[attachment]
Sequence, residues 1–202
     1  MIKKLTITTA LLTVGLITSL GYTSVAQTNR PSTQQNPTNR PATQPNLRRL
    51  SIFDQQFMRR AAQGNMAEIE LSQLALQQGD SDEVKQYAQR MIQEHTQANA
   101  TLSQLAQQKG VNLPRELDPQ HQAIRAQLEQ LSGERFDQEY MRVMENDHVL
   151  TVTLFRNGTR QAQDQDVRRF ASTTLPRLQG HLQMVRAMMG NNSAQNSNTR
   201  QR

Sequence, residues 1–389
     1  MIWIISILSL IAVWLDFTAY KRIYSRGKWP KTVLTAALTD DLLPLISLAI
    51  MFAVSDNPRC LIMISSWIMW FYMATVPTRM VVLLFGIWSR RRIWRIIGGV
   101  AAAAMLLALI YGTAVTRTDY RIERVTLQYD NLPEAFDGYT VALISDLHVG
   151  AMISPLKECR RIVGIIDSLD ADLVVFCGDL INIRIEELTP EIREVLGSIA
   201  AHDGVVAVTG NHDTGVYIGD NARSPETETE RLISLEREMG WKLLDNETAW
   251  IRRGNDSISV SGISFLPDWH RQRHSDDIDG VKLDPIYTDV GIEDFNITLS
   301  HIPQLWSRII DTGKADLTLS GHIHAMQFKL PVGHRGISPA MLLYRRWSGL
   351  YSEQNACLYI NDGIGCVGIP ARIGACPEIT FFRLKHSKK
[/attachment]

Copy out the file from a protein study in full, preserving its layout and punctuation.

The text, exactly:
Sequence, residues 1–202
     1  MIKKLTITTA LLTVGLITSL GYTSVAQTNR PSTQQNPTNR PATQPNLRRL
    51  SIFDQQFMRR AAQGNMAEIE LSQLALQQGD SDEVKQYAQR MIQEHTQANA
   101  TLSQLAQQKG VNLPRELDPQ HQAIRAQLEQ LSGERFDQEY MRVMENDHVL
   151  TVTLFRNGTR QAQDQDVRRF ASTTLPRLQG HLQMVRAMMG NNSAQNSNTR
   201  QR

Sequence, residues 1–389
     1  MIWIISILSL IAVWLDFTAY KRIYSRGKWP KTVLTAALTD DLLPLISLAI
    51  MFAVSDNPRC LIMISSWIMW FYMATVPTRM VVLLFGIWSR RRIWRIIGGV
   101  AAAAMLLALI YGTAVTRTDY RIERVTLQYD NLPEAFDGYT VALISDLHVG
   151  AMISPLKECR RIVGIIDSLD ADLVVFCGDL INIRIEELTP EIREVLGSIA
   201  AHDGVVAVTG NHDTGVYIGD NARSPETETE RLISLEREMG WKLLDNETAW
   251  IRRGNDSISV SGISFLPDWH RQRHSDDIDG VKLDPIYTDV GIEDFNITLS
   301  HIPQLWSRII DTGKADLTLS GHIHAMQFKL PVGHRGISPA MLLYRRWSGL
   351  YSEQNACLYI NDGIGCVGIP ARIGACPEIT FFRLKHSKK